One of baseball's most polarizing players also happens to be one of its most elite. In the offseason following the 2018 season, some pundits speculated that Manny Machado's reputation for having an attitude might hurt his ability to get the large contract his stats warranted.
Those speculations turned out to be unfounded, and in February of 2019 he got the massive deal people had been expecting him to get for years. From his early days with Baltimore, Machado was immediately a star in the MLB and quickly developed into one of the best overall players in baseball, a consistent All-Star who offered batting average, power and defense. And after several outstanding seasons in Baltimore (as well as a half season in Los Angeles helping the Dodgers reach the World Series), he got compensated like the player he is by the San Diego Padres.
Machado is a very rich man just shy of turning 27, and he's set to get a whole lot richer over the next decade. How much is he worth?
Manny Machado's Net Worth
Manny Machado is estimated to be worth as much as $50 million, according to Celebrity Net Worth.
These figures are hard to prove definitively, but regardless of his current worth, Machado still has the overwhelming promise of his massive contract ahead of him. Whatever his actual worth is, expect it to skyrocket quickly.
Manny Machado's Career
Machado's talents were apparent from a young age playing baseball in his home state of Florida. A star in high school, Machado was drafted third overall by the Baltimore Orioles in the 2010 MLB Draft, behind just Bryce Harper and Jameson Taillon.
Drafted in June 2010, Machado tore through the Orioles' minor league system in no time at all, and in August of 2012 Baltimore called him up to the majors. Though originally a shortstop, the O's moved him to third base where there was room for him on the infield. Appearing the final 51 games of the season for Baltimore at just 19 years of age, Machado hit .262 with seven home runs in 191 at-bats. This Orioles team made the postseason for the first time since 1997 and defeated the Texas Rangers in the AL Wild Card Game before falling to their division rival Yankees in five games in the ALDS. Machado hit just .125 in this series.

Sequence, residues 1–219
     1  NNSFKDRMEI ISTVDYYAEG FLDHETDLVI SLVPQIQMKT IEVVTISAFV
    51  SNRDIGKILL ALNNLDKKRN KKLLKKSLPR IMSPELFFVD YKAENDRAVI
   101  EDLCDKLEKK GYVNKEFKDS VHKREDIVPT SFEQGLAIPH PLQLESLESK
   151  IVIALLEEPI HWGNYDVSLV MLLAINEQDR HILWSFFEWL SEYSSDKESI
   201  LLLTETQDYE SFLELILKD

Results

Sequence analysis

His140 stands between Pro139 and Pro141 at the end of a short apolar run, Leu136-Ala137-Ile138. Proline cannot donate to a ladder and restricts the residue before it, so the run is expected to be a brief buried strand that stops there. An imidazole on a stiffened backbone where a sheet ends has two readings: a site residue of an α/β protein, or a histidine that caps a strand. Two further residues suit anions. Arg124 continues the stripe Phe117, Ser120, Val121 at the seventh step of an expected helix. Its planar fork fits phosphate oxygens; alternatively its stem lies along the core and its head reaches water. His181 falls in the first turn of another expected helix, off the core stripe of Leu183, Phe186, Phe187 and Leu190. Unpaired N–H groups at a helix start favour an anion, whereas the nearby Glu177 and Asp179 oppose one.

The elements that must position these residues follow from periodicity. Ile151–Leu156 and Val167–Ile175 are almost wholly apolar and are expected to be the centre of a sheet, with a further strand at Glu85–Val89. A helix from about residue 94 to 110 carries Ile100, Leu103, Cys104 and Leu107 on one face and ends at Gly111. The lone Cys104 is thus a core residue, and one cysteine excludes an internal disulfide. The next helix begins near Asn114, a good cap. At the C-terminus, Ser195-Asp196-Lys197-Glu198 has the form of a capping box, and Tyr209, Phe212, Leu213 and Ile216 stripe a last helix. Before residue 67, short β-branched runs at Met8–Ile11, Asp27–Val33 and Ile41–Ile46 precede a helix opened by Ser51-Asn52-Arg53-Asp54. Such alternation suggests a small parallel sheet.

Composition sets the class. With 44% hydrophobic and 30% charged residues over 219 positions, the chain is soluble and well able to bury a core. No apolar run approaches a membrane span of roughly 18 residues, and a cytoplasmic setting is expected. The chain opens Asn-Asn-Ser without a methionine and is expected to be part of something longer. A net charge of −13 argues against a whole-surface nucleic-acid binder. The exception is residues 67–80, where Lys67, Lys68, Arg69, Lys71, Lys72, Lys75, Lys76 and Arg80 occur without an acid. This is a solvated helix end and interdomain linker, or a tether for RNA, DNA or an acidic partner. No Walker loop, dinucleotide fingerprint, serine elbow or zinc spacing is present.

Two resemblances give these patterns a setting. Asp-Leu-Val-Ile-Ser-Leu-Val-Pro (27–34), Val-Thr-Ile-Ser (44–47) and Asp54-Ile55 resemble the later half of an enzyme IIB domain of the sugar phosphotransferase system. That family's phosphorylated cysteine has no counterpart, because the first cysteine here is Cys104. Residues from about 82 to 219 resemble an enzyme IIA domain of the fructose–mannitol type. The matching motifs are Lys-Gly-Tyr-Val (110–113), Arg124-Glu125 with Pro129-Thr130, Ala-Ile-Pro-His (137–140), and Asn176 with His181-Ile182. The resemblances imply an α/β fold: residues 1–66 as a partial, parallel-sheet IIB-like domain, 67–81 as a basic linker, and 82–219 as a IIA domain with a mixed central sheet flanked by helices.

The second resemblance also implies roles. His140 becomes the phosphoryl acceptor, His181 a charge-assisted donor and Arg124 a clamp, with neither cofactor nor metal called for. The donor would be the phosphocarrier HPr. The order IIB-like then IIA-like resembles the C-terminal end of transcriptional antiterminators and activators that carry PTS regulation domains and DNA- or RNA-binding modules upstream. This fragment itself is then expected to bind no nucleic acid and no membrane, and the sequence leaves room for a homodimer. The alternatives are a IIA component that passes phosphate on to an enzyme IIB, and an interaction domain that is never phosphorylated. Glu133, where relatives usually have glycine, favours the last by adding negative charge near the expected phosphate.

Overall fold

2013 was Machado's first full season as a major leaguer, and he burst onto the scene in an enormous way. Machado made his first-ever All-Star Game after putting up one of the best first halves of any player in the American League. The Orioles failed to make the playoffs, but by the end of the season Machado had 14 doubles and an AL-leading 51 doubles. He would end up ninth in AL MVP voting that year and would win his first Gold Glove for his defense at third base - a position he wasn't even drafted to play.
Machado missed the first several weeks of the 2014 season after offseason knee surgery and hit 12 home runs in 82 games. However, a knee injury in August required surgery that ended his season. Machado missed the postseason after the Orioles won the AL East and advanced to the ALCS.
2015 saw Machado make up for his 2014 absence, appearing in all 162 games for the Orioles. He posted career bests in batting average, on-base percentage and slugging percentage (.286/.359/.502) and more than doubled his best single-season home run total with a 35-homer season, good for 10th in the American League. He won his second Gold Glove, made his second All-Star Game and came in fourth in MVP voting for the AL. He would lose to Toronto's Josh Donaldson, much as the Orioles came a close second to the Blue Jays for the division title.